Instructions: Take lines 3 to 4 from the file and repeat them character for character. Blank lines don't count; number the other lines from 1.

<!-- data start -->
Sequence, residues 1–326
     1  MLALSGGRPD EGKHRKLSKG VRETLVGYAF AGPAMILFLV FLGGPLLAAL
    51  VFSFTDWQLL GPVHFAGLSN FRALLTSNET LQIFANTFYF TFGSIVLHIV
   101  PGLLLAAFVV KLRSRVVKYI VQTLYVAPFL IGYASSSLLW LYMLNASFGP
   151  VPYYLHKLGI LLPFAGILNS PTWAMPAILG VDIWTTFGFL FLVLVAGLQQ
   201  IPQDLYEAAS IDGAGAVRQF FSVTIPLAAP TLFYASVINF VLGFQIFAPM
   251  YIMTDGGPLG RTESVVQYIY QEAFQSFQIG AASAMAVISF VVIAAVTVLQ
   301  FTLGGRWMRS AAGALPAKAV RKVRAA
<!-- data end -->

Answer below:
    51  VFSFTDWQLL GPVHFAGLSN FRALLTSNET LQIFANTFYF TFGSIVLHIV
   101  PGLLLAAFVV KLRSRVVKYI VQTLYVAPFL IGYASSSLLW LYMLNASFGP